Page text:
The daily commute to the military base was along a road following a river. Construction was executed by laying rocks from the river side by side and then tarring over it. So the ride was quite bumpy, and in the back of the Suzuki, I had to sit with my head cocked to the side to prevent my skull hitting the roof over some of the bumps. I learnt this on the first day, but only after first compressing multiple neck vertebrae – at least, that’s how it felt – during an unscheduled, rather exuberant, dip.

Sangay’s  cousin was a Buddhist monk at the Tiksey monastery. Following a visit, we were already back in the Suzuki to start our return trip when said cousin came running up and Sangay translated that we were invited for tea. So we went.

On the way back, Sangay invited me for MORE tea, this time at his house. We picked up two hitchhikers after Sangay enquired from me whether I would mind. They really are such a polite people.

Two hitchikers

His wife was out visiting with friends, but his mother was home, tending his son. Should you ever be offered some Ladakhi tea, accept at your own peril. After the tea is brewed, a piece of fat is dissolved in it (instead of milk, as due to the erratic power supply, fridges are not common), and a teaspoonful of salt added.

Teatime at Ladakh

Self-preservation soon displaces politeness, as your host keeps on topping up your cup from a handy flask as soon as the rim becomes visible above the level of the tea.

The leaving of paradise

Flights into Leh can carry up to 120 passengers. However, return flights can rarely carry more than 75 passengers, sometimes without their luggage, due to the density altitude.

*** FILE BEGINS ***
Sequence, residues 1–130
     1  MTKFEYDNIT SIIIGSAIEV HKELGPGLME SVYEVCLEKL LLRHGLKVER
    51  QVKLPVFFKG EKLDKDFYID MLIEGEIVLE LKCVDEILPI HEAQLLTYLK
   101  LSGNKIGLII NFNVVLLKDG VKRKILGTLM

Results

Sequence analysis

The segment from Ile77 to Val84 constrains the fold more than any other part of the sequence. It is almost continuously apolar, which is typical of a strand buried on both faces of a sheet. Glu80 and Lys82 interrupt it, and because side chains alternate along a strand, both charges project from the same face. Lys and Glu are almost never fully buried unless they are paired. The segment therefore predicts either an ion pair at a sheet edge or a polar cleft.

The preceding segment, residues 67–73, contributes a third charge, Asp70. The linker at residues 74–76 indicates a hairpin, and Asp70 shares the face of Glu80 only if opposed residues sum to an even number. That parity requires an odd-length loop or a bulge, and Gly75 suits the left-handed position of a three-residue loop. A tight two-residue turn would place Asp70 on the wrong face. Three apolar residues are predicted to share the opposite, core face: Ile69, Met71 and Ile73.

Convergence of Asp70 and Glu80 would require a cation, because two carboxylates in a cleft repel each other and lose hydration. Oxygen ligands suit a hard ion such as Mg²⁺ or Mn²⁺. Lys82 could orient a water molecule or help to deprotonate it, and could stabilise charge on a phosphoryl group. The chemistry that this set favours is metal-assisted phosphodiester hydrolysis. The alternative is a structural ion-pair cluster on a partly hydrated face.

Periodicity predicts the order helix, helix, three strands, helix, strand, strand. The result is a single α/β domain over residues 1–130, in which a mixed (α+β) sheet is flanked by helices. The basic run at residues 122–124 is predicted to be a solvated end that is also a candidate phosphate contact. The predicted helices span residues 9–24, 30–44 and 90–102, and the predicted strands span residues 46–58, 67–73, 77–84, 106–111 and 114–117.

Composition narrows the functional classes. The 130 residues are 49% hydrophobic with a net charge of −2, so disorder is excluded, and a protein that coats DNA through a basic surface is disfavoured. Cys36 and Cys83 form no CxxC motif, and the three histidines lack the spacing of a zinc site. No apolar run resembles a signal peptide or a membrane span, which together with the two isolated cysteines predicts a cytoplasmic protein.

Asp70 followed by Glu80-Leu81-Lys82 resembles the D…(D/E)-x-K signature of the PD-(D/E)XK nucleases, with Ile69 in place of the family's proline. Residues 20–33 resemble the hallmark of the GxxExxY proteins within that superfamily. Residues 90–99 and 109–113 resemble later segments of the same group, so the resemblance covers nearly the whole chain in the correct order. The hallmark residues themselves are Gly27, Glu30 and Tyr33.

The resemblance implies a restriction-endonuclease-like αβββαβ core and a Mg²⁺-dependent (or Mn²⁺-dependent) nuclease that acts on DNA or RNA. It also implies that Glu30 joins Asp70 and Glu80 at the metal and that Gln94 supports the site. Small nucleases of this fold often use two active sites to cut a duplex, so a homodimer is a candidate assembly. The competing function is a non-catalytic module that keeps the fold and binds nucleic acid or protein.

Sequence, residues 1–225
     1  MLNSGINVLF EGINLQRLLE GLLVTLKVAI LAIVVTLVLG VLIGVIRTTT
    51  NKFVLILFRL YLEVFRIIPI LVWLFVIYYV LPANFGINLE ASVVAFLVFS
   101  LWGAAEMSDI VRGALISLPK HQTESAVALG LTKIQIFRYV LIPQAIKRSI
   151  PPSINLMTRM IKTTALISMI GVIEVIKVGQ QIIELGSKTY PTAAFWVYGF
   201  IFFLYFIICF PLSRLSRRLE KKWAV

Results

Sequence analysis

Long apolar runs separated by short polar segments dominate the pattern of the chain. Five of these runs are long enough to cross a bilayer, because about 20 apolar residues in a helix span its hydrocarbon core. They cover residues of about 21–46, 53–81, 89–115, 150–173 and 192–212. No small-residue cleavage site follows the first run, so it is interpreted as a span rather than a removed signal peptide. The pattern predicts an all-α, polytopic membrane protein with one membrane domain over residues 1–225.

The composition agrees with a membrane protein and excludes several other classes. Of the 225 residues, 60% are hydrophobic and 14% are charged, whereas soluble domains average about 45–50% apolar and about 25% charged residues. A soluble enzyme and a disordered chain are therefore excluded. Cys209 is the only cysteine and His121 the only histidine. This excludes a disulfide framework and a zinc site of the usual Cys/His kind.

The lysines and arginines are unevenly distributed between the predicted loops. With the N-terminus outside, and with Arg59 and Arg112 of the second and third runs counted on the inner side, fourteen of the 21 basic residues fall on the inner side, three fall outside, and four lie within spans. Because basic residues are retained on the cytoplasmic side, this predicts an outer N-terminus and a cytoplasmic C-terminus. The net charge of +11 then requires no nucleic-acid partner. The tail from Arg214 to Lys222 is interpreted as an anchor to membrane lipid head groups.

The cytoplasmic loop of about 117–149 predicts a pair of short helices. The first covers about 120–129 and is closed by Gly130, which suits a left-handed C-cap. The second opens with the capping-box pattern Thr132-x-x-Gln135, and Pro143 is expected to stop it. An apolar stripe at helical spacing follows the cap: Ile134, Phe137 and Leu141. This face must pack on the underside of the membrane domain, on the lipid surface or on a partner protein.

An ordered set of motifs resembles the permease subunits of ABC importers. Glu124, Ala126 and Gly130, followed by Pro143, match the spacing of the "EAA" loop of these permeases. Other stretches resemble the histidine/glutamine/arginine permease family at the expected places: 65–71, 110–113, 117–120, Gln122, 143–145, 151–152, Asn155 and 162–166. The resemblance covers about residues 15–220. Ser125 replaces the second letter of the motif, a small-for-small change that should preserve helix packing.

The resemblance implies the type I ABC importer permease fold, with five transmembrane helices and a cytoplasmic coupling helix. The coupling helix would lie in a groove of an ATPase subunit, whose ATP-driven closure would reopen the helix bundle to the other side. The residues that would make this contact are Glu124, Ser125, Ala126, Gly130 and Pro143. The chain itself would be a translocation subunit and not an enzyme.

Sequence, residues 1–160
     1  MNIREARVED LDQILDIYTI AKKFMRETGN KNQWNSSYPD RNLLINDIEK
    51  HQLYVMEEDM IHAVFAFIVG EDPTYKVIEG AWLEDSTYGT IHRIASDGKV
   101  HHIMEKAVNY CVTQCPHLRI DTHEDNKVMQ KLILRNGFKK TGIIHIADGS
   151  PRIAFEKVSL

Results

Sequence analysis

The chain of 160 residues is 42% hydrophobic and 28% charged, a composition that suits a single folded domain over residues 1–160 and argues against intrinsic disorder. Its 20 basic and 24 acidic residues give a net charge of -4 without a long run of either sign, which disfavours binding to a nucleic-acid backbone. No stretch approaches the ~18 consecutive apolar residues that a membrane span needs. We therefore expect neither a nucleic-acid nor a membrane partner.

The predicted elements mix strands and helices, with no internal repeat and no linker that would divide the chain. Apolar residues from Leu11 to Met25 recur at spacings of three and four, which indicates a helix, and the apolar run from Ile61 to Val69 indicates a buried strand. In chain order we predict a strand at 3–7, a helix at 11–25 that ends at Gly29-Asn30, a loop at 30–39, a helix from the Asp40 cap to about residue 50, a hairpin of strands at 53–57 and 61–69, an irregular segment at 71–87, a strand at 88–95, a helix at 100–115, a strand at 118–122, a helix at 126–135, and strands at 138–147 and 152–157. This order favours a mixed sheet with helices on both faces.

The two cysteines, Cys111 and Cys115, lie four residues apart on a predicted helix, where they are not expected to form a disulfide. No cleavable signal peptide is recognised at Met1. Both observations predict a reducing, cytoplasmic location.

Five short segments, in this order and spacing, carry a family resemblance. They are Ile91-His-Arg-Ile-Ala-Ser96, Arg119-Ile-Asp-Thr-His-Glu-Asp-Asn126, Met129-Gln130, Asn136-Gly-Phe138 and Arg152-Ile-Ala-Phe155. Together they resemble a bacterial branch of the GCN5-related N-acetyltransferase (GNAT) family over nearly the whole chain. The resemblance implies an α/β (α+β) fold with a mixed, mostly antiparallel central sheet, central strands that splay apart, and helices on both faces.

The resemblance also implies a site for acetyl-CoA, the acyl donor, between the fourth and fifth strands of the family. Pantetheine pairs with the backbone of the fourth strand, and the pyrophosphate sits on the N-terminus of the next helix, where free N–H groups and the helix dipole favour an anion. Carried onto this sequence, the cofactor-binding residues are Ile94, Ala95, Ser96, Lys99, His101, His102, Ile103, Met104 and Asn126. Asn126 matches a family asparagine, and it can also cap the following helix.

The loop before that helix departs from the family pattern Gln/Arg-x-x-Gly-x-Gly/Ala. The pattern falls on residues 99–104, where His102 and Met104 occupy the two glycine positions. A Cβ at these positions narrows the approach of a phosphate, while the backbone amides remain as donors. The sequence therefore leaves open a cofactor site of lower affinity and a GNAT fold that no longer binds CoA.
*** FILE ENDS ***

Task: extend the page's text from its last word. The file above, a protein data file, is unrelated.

Density altitude in flying correlates with the power loss experienced at reef altitude in the case of normally aspirated cars, where the air is thinner than at sea level, where engines are tested and specified. So where a normally aspirated car experiences an 18% power loss in Johannesburg, it would experience a 32% power loss in Leh, due to the altitude being 10500 ft Above Sea Level. So the 737 simply does not have enough power to get airborne prior to using up all the runway.

A queue of desperate visitors, trying to get out of Leh, was therefore a common sight at the local Indian Airlines office, especially around October each year, as the region gets completely snowed in during winter. Depending on the weather, you may be stuck till March, when the snow melts and the tourist season starts again. However, if your hotel manager happens to be a personal friend of the Indian Airlines 2IC and also moonlights as luggage handler at the airport to augment his income during the off-season, getting on board is a formality.

Due to the security situation all hand-luggage was searched, item by item, and ANY batteries removed, to be re-packed with your cargo-hold luggage. Even the batteries from my Mini-Maglite torches had to be removed.

Once on the apron, your hand-luggage is unpacked AGAIN, on a table placed on the runway. Women are dropped off the bus prior to this point, to be body-searched in a makeshift cloth shack. Only NOW may you board.

The return flight was uneventful, as on condition that visibility is good, getting out – always downhill – is not that tricky.